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Monday, May 7, 2012

The New EEO Transgender Inclusive Policy


On April 20th 2012, the United States Federal Equal Employment Opportunity Commission found that in title VII of the 1964 act should be interpreted to include transsexuals and transgendered people. This is a tremendous advancement for us, though there is still a long way to go in our long hard road to equal standing in our society. It does not automatically grant us equal protections in the private or state government workplace.

This policy means that federal employers (the government) may not discriminate against transsexuals in employment situations. There is a question that has arisen whether Federal EEOC policy applies to those who are contractors with the government and require them to comply with EEO standards with regard to gender orientation because they receive federal funding. The most responsible sources I have talked to have informed me that this is the case.

This is not the law of the land today. Many of us will mistakenly believe and continue to feel that this applies to every employment situation. I wish it were true. In order for that to come about, most states' judicial system will have to visit the issue through litigation, which may become a lengthy process if appeals have to reach each state's Supreme Court.

However this is the first major milestone in affording us equal rights and could be what is needed to compel Congress to pass ENDA. It is important to understand that it was the Democrat party that obstructed the passage of ENDA. It was passed in committee, and sent for final markup. The Democrat chair of the committee, did not move the bill forward and it expired in his possession. Not that I believe it would have moved forward under Republican leadership either. We simply must be aware that one's political allegiance is no guarantee of advancing our rights, though it is the Democrat party that has helped us the most. Still we do have allies in the Republican camp and it does not serve us well to blindly endorse one party or the other. We need to learn about each member of the House and the Senate and determine who will help us advance our quest for civil rights.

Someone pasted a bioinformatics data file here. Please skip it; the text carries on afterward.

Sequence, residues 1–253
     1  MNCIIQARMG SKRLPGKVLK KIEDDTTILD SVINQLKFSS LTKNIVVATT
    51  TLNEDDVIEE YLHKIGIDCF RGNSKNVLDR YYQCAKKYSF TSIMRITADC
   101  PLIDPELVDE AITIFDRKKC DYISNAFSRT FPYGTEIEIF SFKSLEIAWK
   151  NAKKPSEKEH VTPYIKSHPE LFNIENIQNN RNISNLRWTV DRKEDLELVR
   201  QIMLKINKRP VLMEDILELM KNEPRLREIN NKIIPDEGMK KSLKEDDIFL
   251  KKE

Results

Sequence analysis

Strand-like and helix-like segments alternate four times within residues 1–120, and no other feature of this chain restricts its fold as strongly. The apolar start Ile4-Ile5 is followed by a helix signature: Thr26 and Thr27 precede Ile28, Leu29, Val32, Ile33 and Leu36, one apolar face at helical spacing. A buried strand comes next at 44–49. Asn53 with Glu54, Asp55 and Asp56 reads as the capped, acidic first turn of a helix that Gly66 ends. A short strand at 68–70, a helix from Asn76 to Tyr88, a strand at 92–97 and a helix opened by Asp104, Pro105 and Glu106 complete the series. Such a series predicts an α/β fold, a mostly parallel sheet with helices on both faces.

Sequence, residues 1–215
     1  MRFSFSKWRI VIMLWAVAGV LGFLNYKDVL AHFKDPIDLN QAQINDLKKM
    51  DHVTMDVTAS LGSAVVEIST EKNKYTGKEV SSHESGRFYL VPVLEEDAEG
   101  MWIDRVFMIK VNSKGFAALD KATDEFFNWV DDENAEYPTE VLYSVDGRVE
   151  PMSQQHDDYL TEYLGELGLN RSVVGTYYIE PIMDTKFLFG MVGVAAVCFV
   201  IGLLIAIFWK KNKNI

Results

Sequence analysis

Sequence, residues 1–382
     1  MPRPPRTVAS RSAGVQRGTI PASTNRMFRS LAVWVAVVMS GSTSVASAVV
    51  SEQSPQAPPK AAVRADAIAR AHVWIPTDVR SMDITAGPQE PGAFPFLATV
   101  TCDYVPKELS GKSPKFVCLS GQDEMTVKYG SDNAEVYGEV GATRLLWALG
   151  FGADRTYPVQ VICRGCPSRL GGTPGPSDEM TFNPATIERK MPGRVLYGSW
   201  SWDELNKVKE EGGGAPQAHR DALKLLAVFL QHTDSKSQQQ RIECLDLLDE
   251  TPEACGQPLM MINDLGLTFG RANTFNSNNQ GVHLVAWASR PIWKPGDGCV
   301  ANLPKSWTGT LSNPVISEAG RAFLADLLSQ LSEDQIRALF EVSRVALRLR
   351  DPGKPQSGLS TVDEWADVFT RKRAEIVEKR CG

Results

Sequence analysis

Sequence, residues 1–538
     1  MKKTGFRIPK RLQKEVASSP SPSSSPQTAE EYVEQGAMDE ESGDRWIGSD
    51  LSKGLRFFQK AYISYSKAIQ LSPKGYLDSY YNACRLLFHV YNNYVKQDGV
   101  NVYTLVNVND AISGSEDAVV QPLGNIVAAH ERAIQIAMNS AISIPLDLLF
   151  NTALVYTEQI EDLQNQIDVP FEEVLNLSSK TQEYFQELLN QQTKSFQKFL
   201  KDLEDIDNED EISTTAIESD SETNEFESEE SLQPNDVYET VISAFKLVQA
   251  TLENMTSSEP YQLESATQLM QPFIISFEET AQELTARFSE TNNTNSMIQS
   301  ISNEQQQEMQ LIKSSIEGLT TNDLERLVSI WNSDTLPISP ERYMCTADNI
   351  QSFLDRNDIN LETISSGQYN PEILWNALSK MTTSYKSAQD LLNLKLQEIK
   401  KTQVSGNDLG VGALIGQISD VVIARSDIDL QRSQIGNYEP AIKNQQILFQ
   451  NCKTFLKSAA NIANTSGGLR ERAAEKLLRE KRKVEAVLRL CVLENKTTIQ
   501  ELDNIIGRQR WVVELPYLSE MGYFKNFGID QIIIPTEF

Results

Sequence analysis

1 comment:

  1. Changing law is always far better than instances where interpretation is used to implement the law, which is the case you have here. While not explicitly stated by Congress when the law was passed, courts and now the EEOC have interpreted that gender expression and identity is covered under the term, "sex". The EEOC rationale is clearly defined and worth reading in its entirety.

    With that said, I would suggest that the law does cover private employers. My reading of the Act is that while it exempts the US government and specific employers like private clubs, employers with fewer than 15 employees, religions and some other examples, too, it does cover other employers.

    Funny, the Act actually talks about public accommodations, too, in its opening:

    "An Act

    To enforce the constitutional right to vote, to confer jurisdiction upon the district courts of the United States to provide injunctive relief against discrimination in public accommodations, to authorize the attorney General to institute suits to protect constitutional rights in public facilities and public education, to extend the Commission on Civil Rights, to prevent discrimination in federally assisted programs, to establish a Commission on Equal Employment Opportunity, and for other purposes.

    Be it enacted by the Senate and House of Representatives of the United States of America in Congress assembled, That this Act may be cited as the “Civil Rights Act of 1964”."

    I also firmly believe this is the position that EEOC has taken, highlighting cases against private employers.

    For more information, please check out: